Ten years ago today Hurricane Katrina made land fall on the Mississippi-Louisiana state line as a category three hurricane. Waveland, Bay St. Louis, Pass Christian, and Long Beach, Mississippi, bore the brunt of Katrina’s force, though central Gulf Coast cities such as Gulfport, Biloxi, Ocean Springs, and Pascagoula, Mississippi, and New Orleans, Louisiana, received significant damage.

Bay St. Louis homeowner Katherine Mauffray narrates the intensifying winds and rising water on the morning of August 29, 2005, in this fifteen-minute video documenting the arrival of Hurricane Katrina. The Mauffray family survived the storm and in 2009 submitted the video to the Mississippi Department of Archives and History’s Historic Preservation Division as part of an application for grant funds to be used for repair of the home. The DVD was made available online as part of the MDAH archival collection.

 

The series consists of a video recording made at the then-residence of Conrad Lex Mauffray and family on Union Street in Bay St. Louis, Mississippi, during the landfall of Hurricane Katrina on the morning of August 29, 2005. The video, with a running time of fifteen minutes and twenty-two seconds, was recorded by Katherine (Mrs. Conrad) Mauffray. Call Number: Series 2701: Hurricane Katrina/Mauffray Family Home Video, 2005 (MDAH)

 

 

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Pass Christian, Harrison County, MS. Tuesday, September 27, 2005. Looking north, from U.S. Highway 90, at ruins of three-story building. Call Number: PI/2005.0024, Item 85 (MDAH)

This month marks the tenth anniversary of the landfall of Hurricane Katrina, the greatest natural disaster the United States has ever experienced. On August 29, 2005, the storm exploded into Mississippi, killing hundreds of people and forever changing the state’s cultural landscape. Hurricane Katrina devastated the historical fabric of the Gulf Coast and cut a swath of destruction 150 miles inland. Museums, libraries, government records, and historic buildings were all badly damaged.

The Mississippi Department of Archives and History has been involved in recovery operations since the day after the hurricane made landfall. This blog series will explore the department’s role in recovery efforts and MDAH collections that document the storm.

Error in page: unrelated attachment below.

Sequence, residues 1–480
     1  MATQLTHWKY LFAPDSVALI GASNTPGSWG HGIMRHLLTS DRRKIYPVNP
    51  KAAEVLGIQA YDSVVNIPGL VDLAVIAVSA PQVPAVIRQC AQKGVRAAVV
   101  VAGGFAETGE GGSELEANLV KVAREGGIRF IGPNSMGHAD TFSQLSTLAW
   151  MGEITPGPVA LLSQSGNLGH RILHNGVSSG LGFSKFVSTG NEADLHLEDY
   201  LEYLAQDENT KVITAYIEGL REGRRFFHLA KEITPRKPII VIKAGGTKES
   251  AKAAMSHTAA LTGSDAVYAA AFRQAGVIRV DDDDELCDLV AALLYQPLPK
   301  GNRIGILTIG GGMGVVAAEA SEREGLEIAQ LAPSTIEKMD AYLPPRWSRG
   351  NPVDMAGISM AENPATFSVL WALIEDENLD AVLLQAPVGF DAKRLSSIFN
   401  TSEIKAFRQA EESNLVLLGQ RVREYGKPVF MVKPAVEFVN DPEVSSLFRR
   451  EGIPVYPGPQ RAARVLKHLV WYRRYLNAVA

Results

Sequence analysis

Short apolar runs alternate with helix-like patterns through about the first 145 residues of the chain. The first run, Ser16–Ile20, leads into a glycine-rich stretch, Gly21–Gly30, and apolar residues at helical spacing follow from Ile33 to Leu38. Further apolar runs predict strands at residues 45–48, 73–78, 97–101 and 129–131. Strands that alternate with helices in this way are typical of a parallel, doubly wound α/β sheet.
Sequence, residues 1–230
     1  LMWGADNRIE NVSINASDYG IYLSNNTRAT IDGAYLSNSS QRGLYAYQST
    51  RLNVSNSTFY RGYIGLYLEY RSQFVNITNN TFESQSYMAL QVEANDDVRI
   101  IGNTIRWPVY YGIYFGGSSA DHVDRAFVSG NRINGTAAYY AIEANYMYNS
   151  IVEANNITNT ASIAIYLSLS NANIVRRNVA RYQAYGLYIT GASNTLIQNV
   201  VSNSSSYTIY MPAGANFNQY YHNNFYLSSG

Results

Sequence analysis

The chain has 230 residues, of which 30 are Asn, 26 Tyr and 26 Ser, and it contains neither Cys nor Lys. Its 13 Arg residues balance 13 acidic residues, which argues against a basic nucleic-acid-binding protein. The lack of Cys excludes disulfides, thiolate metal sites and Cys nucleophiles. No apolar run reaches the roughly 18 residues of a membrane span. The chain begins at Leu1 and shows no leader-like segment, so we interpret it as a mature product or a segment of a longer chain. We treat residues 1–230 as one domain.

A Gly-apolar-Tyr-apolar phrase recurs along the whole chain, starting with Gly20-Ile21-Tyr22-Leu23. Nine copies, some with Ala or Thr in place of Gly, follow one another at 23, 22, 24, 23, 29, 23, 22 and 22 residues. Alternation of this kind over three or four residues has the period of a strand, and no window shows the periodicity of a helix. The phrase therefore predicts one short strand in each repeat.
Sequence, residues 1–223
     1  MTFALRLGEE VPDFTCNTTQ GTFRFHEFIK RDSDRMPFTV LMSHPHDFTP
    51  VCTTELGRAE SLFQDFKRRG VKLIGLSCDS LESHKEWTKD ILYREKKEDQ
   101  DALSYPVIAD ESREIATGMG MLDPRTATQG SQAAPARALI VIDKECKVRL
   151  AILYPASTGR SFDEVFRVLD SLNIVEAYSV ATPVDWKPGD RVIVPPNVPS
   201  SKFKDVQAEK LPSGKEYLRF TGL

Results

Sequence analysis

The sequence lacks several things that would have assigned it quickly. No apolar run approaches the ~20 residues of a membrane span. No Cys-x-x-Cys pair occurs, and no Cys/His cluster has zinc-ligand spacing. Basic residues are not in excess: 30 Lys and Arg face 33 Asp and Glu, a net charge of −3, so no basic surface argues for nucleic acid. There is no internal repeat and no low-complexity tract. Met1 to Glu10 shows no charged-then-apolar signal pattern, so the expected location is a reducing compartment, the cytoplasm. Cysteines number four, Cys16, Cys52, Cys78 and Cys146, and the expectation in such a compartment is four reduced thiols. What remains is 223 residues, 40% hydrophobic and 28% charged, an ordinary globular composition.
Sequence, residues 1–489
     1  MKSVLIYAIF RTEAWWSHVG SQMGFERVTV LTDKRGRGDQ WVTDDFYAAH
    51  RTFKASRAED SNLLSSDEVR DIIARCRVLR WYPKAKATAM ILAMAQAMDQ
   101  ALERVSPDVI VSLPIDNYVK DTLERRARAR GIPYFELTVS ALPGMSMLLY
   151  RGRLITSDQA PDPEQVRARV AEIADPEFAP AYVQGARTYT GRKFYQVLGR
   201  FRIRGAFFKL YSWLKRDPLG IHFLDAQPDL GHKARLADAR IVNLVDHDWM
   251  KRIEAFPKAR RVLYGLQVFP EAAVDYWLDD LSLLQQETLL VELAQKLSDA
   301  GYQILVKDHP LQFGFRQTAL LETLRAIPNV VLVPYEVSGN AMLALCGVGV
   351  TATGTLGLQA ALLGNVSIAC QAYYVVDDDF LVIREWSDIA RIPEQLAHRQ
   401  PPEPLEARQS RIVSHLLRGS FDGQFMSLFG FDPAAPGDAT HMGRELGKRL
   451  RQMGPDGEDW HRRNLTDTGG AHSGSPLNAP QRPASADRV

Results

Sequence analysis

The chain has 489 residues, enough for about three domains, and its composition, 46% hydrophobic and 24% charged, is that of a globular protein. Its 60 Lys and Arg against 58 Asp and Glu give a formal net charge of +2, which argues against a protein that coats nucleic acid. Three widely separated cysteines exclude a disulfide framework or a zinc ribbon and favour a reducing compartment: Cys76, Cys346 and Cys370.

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Chloe Edwards, MDAH Electronic Records archivist, brings us this post in an ongoing series celebrating Electronic Records Day and Archives Month. The series features items from the MDAH disk collection.

Map showing the Pascagoula River system and the surrounding Choctaw villages. Call number: MA/98.0177(a) MDAH

Map showing the Pascagoula River system and the surrounding Choctaw villages. Call number: MA/98.0177(a) MDAH

The Singing River: Rhythms of Nature

Call no.: Disk 0064

Format: DVD

Running time: 58 minutes

This 2006 documentary, co-produced by The Nature Conservancy and Mississippi Public Broadcasting, showcases the natural beauty and ecological importance of the Pascagoula River system, the largest and last significant unimpeded river system in the continental United States (by volume). The documentary details the system’s importance as a habitat for year-round and migratory fauna, its use as a living laboratory for biological research, and how the system came to be owned and protected by the state of Mississippi. The documentary came to the archives as part of the Winter (William F.) and Family Papers, call no. Z/2285.000.

MORE INFORMATION:

To find out more about this disk, search our online catalogue for disk 0064. To browse the disk collection, navigate to the advanced search page, check the “Electronic Records” box, and type “disk” into the keyword search bar.

All catalogued disks are available to view or listen to in the Media Room; patrons should request disks from media staff using the four digit call number.

References:

“Mississippi: Pascagoula River Watershed.” Accessed October 6, 2014, http://www.nature.org/ourinitiatives/regions/northamerica/unitedstates/mississippi/placesweprotect/pascagoula-river-watershed.xml

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Looking Southwest Wharf Line Future Barge Unloading Position and Steel Storage Area At Center, 8/28/68. Call number: PI/SF/IND/1986.0017 (MDAH)

Looking Southwest Wharf Line Future Barge Unloading Position and Steel Storage Area At Center, 8/28/68. Call number: PI/SF/IND/1986.0017 (MDAH)

The Ingalls Shipyard West Bank Expansion photograph collection (PI/SF/IND/1986.0017) shows construction at the shipyard from 1968 to 1970.

Click here to view the images.

More information is available in the catalog records. To view, search “PI SF IND 1986 0017″ in the online catalog.

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Maps Digitized

On April 2, 2014, in Digital Archives, Maps, by Amanda
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Confederate map, 1862-1864. Call number: MA/92.0139(a) MDAH

Confederate map, 1862-1864. Call number: MA/92.0139(a) MDAH

These maps show Mississippi, Civil War battles, and Horn Island Pass. Click the map titles to view each map.

A new map of Mississippi with its roads & distances, 1836. Call number: MA/92.0070 (a). Link to the catalog.

Horn Island Pass, Mississippi Sound. Call number: MA/92.0100 (a). Link to the catalog.

Map of Louisiana, Mississippi, and Arkansas, 1860. Call number: MA/92.0115 (a). Link to the catalog.

Map of Louisiana, Mississippi, and Arkansas 1860. Call number: MA/92.0116 (a). Link to the catalog.

Confederate map, 1862–1864. Call number: MA/92.0139 (a). Link to the catalog.

Diagram of the surveying district South of Tennessee, 1841. Call number: MA/92.0166 (a). Link to the catalog.

A new map of Mississippi with its roads and distances, 1850. Call number: MA/92.0094 (a). Link to the catalog.

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